"I don't want to paint Intel as the evil empire, but like with Microsoft, monopolies aren't good for us, and it's nice to see another player on the field. With Barcelona, AMD's showing that they're willing to give Intel a run for their money," said Bill Paschick, president of Rain Recording, a custom-system builder specializing in digital audio workstations, notebooks and storage devices.

Next: Ramping Up, Rolling Out Ramping Up, Rolling Out
AMD executives, partners and analysts say the quad-core Opterons are better positioned to make an immediate impact on the server market than the original single-core and later dual-core were when they launched.

Tier-one OEMs Hewlett-Packard, IBM, Dell and Sun Microsystems made notable appearances at the Sept. 10 launch event. HP, which ships 37 percent of all Opteron-based servers, said it will start shipping AMD quad-core systems through its x86 ProLiant line beginning in the fourth quarter.

AMD Platinum partner Appro International will be moving quad-core Opterons into its customers' data centers and workstations even sooner, said Maria McLaughlin, director of marketing at the Milpitas, Calif., high-performance computing OEM. "We're putting together a lot of big deals with Barcelona already. But the sales cycle takes a lot of time. We're cooking up a big deal that we'll announce in October with a major data center," she said.

One early bone of contention in the channel was the release of quad-core samples to system builder partners. Some say they received their quad-cores a mere week before the launch date.

Dominic Daninger of Nor-Tech subsidiary Reason said he'd have liked to have received Barcelona samples sooner. He suspects that issues with processor speed caused sample delays, not to mention the delay of the product release itself.

"I think they had a lot of trouble getting the speed up to where they'd like to have it. A lot of what you read over the last several months is that they had trouble with that. But I've also heard that the silicon for the Phenom [AMD's quad-core desktop CPU] is really coming out well, as far as speed," said Daninger, vice president of engineering at the Burnsville, Minn.-based maker of high-end engineering workstations.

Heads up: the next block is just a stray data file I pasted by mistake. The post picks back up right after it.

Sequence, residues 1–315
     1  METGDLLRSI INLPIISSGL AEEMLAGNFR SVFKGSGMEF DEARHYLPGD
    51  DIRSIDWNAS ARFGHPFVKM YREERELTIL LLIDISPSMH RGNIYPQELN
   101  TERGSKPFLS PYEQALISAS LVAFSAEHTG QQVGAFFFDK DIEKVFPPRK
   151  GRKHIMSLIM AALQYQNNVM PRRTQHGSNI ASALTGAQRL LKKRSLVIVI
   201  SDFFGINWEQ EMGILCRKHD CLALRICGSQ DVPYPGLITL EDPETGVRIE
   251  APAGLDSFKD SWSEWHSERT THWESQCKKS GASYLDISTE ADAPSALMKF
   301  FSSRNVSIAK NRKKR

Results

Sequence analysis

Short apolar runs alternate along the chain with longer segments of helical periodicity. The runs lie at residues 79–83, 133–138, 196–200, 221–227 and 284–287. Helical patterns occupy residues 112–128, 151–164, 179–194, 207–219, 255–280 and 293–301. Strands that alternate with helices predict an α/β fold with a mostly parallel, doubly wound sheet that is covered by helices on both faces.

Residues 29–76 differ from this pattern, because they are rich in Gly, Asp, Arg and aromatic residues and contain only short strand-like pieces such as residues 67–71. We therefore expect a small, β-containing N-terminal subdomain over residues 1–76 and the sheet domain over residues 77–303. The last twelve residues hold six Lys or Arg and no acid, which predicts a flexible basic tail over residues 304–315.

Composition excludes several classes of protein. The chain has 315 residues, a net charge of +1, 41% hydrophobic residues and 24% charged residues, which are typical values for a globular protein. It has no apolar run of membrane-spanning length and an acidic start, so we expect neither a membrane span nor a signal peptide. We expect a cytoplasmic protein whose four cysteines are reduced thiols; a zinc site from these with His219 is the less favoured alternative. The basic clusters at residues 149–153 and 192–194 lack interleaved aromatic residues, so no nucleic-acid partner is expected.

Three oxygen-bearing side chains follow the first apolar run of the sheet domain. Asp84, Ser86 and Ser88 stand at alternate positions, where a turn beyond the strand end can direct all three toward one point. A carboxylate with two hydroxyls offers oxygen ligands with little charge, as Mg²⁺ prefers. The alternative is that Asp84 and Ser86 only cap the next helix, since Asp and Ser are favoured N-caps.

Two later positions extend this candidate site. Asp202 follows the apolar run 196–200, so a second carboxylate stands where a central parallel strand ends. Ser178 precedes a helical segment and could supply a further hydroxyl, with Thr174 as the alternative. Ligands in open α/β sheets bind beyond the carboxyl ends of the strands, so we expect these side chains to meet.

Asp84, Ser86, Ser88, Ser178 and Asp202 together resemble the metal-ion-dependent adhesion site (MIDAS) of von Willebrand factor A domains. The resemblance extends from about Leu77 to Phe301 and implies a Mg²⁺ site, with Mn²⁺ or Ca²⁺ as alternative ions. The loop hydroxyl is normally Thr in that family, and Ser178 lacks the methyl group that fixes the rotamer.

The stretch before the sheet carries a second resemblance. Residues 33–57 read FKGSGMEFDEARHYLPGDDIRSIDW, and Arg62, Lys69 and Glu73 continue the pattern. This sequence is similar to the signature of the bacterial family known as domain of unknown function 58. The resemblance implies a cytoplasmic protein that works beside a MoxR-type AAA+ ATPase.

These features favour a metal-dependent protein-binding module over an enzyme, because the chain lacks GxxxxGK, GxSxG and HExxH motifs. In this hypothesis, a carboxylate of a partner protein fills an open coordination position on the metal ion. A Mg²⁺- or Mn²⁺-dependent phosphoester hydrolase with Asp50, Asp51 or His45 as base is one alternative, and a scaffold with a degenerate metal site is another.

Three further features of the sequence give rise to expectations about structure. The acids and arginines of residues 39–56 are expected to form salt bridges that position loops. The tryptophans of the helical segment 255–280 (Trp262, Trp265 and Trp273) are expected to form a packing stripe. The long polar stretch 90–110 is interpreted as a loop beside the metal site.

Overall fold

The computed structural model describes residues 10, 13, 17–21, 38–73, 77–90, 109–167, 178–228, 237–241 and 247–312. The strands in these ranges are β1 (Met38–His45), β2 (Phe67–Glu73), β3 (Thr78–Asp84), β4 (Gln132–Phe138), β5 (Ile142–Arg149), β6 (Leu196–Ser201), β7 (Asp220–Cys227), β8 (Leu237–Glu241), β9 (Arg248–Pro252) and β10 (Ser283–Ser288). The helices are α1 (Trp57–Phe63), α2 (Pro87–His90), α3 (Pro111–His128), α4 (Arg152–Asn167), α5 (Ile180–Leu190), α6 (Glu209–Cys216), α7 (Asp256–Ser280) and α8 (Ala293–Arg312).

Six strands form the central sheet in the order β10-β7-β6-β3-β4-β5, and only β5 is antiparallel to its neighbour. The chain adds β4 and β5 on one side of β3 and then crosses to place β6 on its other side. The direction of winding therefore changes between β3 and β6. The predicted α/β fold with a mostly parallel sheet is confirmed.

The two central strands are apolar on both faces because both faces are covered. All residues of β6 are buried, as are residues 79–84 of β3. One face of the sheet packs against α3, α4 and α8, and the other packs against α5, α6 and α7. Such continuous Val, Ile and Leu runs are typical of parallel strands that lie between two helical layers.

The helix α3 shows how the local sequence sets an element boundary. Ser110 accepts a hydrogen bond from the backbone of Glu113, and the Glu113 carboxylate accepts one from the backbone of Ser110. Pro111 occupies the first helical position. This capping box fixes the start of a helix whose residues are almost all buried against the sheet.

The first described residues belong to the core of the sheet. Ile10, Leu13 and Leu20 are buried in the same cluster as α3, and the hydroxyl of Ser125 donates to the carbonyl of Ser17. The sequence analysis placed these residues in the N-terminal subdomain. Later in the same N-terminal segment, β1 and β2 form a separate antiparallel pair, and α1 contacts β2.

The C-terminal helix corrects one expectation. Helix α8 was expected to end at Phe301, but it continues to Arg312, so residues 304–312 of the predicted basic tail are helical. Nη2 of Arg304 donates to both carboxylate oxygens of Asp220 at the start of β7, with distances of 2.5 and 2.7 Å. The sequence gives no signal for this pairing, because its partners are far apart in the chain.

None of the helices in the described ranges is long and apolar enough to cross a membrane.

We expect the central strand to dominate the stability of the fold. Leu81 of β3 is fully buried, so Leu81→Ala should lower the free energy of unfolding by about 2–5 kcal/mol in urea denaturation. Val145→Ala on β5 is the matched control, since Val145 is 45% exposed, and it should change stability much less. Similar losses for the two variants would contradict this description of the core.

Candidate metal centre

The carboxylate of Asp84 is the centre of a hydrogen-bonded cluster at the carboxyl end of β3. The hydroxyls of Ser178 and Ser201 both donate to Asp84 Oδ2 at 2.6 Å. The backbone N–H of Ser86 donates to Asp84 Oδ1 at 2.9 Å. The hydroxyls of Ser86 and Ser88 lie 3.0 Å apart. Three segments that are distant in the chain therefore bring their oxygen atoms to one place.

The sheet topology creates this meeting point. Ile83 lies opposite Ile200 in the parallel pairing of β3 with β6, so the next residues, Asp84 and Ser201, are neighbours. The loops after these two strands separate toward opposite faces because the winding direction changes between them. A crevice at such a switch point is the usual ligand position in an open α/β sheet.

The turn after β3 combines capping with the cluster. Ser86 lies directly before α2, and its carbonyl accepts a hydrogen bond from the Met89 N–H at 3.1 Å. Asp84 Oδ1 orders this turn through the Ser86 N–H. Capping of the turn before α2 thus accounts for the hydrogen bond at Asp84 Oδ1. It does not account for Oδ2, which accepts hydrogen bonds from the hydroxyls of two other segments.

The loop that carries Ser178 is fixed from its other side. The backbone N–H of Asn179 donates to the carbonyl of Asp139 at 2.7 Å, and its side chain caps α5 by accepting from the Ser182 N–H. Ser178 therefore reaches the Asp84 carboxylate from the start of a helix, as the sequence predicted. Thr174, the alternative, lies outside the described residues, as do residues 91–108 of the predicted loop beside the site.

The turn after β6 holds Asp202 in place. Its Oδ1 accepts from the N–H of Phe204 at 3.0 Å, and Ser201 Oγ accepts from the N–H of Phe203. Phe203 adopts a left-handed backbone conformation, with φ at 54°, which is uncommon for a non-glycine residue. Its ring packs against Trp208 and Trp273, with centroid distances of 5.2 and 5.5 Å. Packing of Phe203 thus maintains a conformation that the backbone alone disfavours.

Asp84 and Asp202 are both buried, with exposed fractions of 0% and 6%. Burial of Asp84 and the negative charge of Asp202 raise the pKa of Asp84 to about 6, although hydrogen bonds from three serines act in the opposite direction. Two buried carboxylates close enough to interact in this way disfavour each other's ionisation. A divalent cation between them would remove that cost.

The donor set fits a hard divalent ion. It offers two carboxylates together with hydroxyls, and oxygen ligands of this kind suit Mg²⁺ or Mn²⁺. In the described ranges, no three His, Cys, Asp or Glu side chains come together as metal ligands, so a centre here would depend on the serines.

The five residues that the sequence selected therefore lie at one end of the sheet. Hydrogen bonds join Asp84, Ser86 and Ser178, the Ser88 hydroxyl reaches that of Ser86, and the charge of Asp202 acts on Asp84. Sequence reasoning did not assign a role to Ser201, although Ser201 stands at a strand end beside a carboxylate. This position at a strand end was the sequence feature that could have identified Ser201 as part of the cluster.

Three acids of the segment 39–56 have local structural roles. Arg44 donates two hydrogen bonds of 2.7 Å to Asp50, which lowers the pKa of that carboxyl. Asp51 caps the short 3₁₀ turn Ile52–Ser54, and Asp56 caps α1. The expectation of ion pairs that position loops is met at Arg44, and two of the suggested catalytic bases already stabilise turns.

McLaughlin said AMD provided Appro with Barcelona samples well ahead of the launch.

"We had one at LinuxWorld [in mid-August] that was pretty good," McLaughlin said. "Everything they've been stating in terms of power and memory in terms of bandwidth, and having the native quad-core and floating point, have been the biggest things for processor-intensive computing," she said.

Rumors of dissatisfaction about sample releases were not lost on Intel. A spokesperson for the Santa Clara, Calif.-based chip leader told CRN, "Usually before a major launch, we have samples out at least a month before."

Randy Allen, head of Sunnyvale, Calif.-based AMD's Server and Workstation Division and the engineering leader of the original Opteron team, addressed the issue at a press lunch the day of the launch. He said AMD had trouble meeting the sample demands of many of its partners, from tier-ones on down, due to more requests than they had expected.

AMD CEO Hector Ruiz, also at the lunch, noted that there are some differences in the business relationships AMD has with its tier-one and Platinum OEM partners and with others, and that the chip maker values the channel highly.

"We've got 'commitment to the channel' tattooed on our butts at AMD," Ruiz said.

Ruiz said AMD has prepared its tier-one OEMs and channel partners to hit the ground running with Barcelona.

"We have nine validated server platforms at launch, a first for AMD, and AMD's channel partners can be early to market with quad-core AMD Opteron processor-based solutions. We have more than 50 quad-core-ready platforms available through leading OEMs like Acer, Cray, Dell, Egenera, Fujitsu-Siemens Computers, Gateway, HP, IBM and Sun for the VAR community. All of these are upgradable to quad-core AMD Opteron processors with a switch of the chip and a BIOS flash," he said.